As I talked to Sonya Siegfried, I started to forget the main reason for my visit, which was to discuss her election last month as the second woman to serve as president of the Lehigh County Historical Society.
The historical society is 109 years old, so I thought it was worth noting. Eleanor Pope Leh, a beloved civic leader who died in 1996, was the only other woman to serve in the role, and that was in the mid-1960s.
"I follow in some big shoes," Siegfried told me when I stopped by the J.S. Burkholder Funeral Home in Allentown, where she is general manager and works alongside her husband, Todd, commemorating and burying untold scores of the citizenry every year.
The funeral home is in a magnificent Victorian mansion at 1601 Hamilton St. — part of Allentown's Millionaire's Row of grand old houses built by factory owners and other long-ago royalty — and has been Siegfried's workplace since the summer of 1986, shortly after she graduated the mortuary program at Northampton Community College.
We sat in a nicely appointed room with marble samples on the table — for headstones — and Siegfried, of Upper Macungie Township, told me how her love of history was a seed planted early, when she was growing up in West Virginia and used to travel with her family to Gettysburg and other soul-stirring havens of the American past.
"Growing up, if you liked science and history and math — the boys were supposed to like those sorts of things," she said, trying to account for the general deficit of women in the historical society over the years, and not just in the top role.
As I say, that was the main reason for my visit — the news hook — but soon enough I forgot about the glass ceiling of historical societies and simply listened to Siegfried talk about the very nature of history.
"Our future is our history," she said, which at first blush sounded like a Zen meditation koan but simply meant that what happens today — not only on a grand scale, like the war in Syria, but in the workaday lives of every last one of us — is the foundation of what's to come.
Everything counts, in other words. Her parents drummed that lesson in at the dinner table, where everyone was expected to share some news of the day and risked dishwashing duty if they came up empty.
As we talked, and Siegfried happily hopscotched from one story to another, I began to think of quilts — not the decorative kind, but the kind used to stitch together elements of family stories for posterity.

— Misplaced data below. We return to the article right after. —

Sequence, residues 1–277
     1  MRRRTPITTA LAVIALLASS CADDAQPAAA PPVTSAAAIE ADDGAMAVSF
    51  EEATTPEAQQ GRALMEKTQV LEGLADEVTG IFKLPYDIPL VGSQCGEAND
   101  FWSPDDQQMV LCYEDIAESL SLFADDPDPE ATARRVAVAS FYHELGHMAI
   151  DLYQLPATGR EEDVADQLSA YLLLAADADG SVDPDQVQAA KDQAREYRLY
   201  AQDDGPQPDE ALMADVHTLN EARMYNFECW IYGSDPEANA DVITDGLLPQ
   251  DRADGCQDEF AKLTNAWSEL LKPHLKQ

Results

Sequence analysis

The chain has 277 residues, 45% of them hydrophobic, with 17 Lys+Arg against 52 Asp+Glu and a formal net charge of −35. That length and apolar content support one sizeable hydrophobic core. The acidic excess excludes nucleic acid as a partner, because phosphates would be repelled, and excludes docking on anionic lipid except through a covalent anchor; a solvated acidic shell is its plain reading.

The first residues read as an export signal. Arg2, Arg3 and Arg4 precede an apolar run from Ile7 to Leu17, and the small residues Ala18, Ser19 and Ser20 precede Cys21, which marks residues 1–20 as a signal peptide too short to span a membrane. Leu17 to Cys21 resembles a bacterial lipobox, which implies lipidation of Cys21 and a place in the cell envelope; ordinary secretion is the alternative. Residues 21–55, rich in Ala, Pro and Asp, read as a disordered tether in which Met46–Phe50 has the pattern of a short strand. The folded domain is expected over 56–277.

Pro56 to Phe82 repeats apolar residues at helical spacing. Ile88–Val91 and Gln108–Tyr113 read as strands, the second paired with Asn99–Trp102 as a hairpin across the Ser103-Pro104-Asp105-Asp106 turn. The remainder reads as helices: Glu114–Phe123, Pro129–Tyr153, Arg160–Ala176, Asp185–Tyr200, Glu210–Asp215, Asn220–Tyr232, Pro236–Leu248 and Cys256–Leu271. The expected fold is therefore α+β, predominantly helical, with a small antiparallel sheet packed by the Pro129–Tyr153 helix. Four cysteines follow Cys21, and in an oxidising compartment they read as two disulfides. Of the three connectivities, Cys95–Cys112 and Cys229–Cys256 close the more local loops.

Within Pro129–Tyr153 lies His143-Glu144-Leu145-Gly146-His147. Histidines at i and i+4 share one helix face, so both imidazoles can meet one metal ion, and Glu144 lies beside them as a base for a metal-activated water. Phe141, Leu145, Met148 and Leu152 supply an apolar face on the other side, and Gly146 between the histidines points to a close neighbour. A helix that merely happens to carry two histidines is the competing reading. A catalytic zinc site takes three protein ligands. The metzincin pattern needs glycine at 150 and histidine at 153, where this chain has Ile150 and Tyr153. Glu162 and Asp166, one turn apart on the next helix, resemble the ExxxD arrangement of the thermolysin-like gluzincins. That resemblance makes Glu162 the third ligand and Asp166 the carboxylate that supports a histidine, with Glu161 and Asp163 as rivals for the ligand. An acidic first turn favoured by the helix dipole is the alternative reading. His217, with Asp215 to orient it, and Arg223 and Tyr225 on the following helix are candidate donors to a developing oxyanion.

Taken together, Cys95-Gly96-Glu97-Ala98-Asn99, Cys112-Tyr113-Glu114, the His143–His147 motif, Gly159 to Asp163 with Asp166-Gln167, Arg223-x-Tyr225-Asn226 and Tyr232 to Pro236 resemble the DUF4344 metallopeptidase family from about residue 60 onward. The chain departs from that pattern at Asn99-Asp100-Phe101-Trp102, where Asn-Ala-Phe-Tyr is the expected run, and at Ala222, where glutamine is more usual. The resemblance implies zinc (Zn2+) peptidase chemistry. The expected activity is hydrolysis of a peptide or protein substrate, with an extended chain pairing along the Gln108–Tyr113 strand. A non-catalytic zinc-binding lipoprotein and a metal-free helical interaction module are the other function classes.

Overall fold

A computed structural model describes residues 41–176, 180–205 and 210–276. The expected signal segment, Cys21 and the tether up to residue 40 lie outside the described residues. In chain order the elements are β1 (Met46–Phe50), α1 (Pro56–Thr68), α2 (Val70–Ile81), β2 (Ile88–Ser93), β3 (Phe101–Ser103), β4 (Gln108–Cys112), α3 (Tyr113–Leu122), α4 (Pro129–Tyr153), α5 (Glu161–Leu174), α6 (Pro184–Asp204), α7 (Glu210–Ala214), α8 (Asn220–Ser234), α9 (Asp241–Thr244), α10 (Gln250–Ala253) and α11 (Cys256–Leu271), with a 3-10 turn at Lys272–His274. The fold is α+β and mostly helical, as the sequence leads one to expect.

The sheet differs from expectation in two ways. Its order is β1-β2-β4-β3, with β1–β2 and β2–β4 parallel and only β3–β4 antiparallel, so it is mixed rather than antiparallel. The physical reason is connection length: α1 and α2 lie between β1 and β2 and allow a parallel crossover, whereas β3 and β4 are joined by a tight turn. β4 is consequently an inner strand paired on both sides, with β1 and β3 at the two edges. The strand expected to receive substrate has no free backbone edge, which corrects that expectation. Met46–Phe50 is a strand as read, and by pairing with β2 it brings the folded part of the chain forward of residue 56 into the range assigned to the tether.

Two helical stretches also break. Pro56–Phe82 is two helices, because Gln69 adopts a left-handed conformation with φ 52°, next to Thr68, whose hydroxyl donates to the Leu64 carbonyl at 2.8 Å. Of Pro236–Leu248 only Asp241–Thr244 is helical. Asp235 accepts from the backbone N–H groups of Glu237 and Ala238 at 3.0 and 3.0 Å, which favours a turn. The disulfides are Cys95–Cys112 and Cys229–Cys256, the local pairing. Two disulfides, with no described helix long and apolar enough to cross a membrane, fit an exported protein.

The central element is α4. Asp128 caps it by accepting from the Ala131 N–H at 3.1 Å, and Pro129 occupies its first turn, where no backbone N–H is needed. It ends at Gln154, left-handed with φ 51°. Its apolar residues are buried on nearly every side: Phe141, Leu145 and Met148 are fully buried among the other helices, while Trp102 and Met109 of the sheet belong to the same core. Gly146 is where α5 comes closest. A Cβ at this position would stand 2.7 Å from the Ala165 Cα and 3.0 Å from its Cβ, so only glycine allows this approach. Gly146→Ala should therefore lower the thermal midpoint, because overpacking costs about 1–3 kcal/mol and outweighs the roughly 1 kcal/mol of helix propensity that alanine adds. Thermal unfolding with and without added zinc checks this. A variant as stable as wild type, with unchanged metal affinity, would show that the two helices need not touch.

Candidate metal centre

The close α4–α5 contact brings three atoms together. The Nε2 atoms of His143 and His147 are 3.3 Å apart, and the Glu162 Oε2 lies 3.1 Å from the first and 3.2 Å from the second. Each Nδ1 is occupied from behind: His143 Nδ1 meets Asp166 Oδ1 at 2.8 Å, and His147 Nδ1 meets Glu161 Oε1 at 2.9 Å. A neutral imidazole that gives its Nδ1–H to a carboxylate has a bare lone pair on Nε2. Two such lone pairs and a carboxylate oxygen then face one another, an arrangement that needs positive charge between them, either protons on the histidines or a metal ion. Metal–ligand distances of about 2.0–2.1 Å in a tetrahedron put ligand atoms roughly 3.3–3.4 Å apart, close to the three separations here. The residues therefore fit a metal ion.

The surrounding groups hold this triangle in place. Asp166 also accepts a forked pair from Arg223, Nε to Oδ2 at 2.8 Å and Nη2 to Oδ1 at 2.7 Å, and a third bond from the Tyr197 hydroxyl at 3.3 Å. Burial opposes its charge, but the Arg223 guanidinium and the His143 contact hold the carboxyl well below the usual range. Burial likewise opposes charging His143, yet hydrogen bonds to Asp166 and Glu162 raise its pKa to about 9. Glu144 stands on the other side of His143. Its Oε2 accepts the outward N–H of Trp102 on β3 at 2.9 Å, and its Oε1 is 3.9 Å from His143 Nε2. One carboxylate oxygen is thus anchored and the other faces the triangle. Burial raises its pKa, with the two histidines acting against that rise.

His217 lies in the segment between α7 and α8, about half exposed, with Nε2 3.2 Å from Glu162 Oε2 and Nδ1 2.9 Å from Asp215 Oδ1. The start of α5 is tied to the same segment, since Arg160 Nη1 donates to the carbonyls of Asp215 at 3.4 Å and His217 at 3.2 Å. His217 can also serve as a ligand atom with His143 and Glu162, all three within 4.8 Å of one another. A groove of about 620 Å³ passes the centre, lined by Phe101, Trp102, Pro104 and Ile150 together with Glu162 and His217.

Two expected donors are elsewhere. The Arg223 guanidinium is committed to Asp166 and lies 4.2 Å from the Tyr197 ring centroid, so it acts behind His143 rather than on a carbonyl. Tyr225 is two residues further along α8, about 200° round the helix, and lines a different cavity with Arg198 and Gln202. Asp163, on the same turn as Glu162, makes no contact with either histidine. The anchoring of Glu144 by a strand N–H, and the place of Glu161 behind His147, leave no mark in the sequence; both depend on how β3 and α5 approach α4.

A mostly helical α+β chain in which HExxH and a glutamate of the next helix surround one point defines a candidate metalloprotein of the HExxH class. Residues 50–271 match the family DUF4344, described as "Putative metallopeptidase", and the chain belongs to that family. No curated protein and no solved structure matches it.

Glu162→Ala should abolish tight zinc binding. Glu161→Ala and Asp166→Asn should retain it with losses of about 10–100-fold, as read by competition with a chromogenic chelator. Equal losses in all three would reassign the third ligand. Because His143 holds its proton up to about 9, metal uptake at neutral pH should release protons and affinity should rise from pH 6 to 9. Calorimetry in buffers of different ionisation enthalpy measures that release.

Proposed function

For example, Siegfried said her husband's ancestors were the first white settlers in Berks County's Maxatawney Township, and their homestead is now the site of the Rodale Institute on Siegfriedale Road.
And speaking of farms, Siegfried bought her own family's ancestral farm in West Virginia eight years ago and has been restoring it, including the blacksmith shop where her great-great-uncle hammered out tools and horseshoes.
"So there's some history," she said, mentioning at the same time how the Lehigh Valley Heritage Museum, the society's headquarters, offers annual genealogy workshops so people can develop the skills they need to uncover such connections in their own families.
She spoke generously of the society, praising executive director Joseph Garrera and assistant director Jill Youngken and all the other untiring detectives who devote themselves to uncovering and preserving the past.
She also talked a bit about the funeral home, which was founded in 1895 by the stout, mustached Jacob S. Burkholder and used to operate out of a building on Linden Street where the Hess's parking garage stands now.
The current home was built for Charles Ziegenfuss, owner of Dorney Furniture, and some of the original blueprints hang in frames on one of the receiving room walls. These are stamped with the name of the architectural firm, Jacoby & Weishampel, which designed some of the best-known buildings in the Lehigh Valley. One, at 1227 Hamilton St., was the home of Gen. Harry Trexler for a time.
"So there's some history," Siegfried said again, adding that Trexler, the industrialist, and Burkholder, the funeral director, ended up as near neighbors in Allentown's Fairview Cemetery.
Ziegenfuss is buried there, too. He was never a funeral director, but many furniture makers were, Siegfried told me, because they made caskets.
We only spent about an hour together, but I got the sense that Siegfried could make a paper chain of such historical links that would stretch across Allentown. I also concluded that the historical society had done itself proud by making her president.
Did I mention she's only the second woman to hold that role?